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Shipwright returns to his boat-building roots

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CFCC lead boat-building instructor Mark Bayne (left) stands with some of his students as they work to attach planks to a 19-foot wooden boat.

Photo: Cape Fear Community College

​Before Mark Bayne made a career out of building wooden boats all along the East Coast, he started in 1978 as a student in Cape Fear Community College’s boat-building program.

Today, 34 years later, he’s back in the same classroom to lead the program into the future.

In August, Bayne was hired as the lead instructor of the North Carolina college’s boat-building program, one of CFCC’s most unique academic offerings located at its campus in historic downtown Wilmington.

Bayne returned to the college with more than three decades of professional boat-building experience. Most recently, he was the owner of Sea Island Boat Works in Isle of Palms, S.C. Throughout his career, he has built more than 100 wooden boats of all shapes and styles, including the 140-foot Spirit of South Carolina in Charleston.

Fostering the skills

Bayne says that as a teacher he enjoys the opportunity to share his professional experience to help students get started on their own future in boat building. Running his own boat shop has given Bayne a clear direction for students in the program. He wants to instill in them the same characteristics that he looked for in his own employees.

“I want my students to be ready to step into a professional boat-building operation knowing the terminology, being able to use the tools safely and knowing the construction techniques so they can hit the ground running," Bayne says.

CFCC’s program is structured much like a working boat shop. Students meet for five hours a day Monday through Friday. Over the course of three semesters, students learn a combination of traditional and contemporary boat-building techniques. The skills students learn can not only help them find jobs in the boat-building industry, but also in related fields, such as cabinet-making and other wood-working.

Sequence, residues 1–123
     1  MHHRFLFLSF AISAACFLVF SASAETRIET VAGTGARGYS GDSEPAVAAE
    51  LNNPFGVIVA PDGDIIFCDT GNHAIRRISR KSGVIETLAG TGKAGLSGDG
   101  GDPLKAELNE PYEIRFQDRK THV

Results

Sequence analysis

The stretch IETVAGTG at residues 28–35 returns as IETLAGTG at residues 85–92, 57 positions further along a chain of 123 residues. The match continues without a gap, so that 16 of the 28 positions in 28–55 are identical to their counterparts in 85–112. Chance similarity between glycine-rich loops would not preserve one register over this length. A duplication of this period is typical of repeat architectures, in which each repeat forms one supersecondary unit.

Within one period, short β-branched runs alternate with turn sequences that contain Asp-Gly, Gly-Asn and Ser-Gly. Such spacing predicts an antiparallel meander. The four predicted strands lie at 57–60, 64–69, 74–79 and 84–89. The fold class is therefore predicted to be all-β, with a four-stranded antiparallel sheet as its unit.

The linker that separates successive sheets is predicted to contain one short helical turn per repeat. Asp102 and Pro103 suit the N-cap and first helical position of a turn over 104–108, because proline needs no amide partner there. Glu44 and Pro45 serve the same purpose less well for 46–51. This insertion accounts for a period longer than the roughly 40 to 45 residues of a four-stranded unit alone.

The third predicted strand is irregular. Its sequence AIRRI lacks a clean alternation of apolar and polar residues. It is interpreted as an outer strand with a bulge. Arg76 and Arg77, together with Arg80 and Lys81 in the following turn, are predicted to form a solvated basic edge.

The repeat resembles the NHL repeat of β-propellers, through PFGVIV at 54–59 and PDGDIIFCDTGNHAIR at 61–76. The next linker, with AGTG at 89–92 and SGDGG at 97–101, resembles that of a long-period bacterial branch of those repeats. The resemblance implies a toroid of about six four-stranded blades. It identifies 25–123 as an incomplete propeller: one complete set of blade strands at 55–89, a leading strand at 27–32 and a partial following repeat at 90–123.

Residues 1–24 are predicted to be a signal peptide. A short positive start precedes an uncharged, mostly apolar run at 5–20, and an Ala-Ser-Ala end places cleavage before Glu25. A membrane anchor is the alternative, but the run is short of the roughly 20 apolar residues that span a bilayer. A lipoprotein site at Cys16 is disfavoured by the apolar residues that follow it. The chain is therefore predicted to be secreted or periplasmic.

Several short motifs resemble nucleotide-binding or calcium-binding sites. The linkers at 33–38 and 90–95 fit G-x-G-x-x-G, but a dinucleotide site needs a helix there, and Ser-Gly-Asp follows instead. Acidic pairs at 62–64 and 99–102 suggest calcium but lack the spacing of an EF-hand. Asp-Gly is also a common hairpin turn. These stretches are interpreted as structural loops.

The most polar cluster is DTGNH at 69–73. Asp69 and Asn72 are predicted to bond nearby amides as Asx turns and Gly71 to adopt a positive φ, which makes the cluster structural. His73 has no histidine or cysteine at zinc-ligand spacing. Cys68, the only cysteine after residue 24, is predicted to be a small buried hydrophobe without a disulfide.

“The great thing about wooden boat building is that if you can build a wooden boat correctly, you can build anything,” Bayne says.

From stern to bow

Students first learn how to work with the tools safely. After learning the basics, they start building a boat. The goal is to begin by lofting a full-scale plan and ending the course with a completed boat. In the process, the class learns to work as a team and think critically to solve problems.

This semester, students are working to complete two projects from beginning to end. The first is a 19-foot Core Sound sharpie designed by Brian Blake. The second is a 20-foot Carolina Spritsail sharpie with plans provided by the North Carolina Maritime Museum.

Bayne emphasizes that it’s important for students to understand the complete construction process to gain the proper skills, as well as to experience the pride upon seeing the finished product.

“I want these students to have the self-confidence so when they finish the program they can say that they've built a boat from start to finish,” Bayne says.

On the horizon

Bayne is optimistic about the future of boat building. Despite the economic slowdown, boat building is a prominent industry along the coast of North Carolina from Wilmington to Manteo, he says.

"Boat building has been good to me. My goal now is to make sure the next generation of boat builders gets a solid start so they can begin their own careers," Bayne says.

In addition to teaching, Bayne will also organize the 2013 CFCC Boat Show, which is an annual celebration of boat building held in Wilmington along the Cape Fear River. The next show will be held on April 20, 2013.

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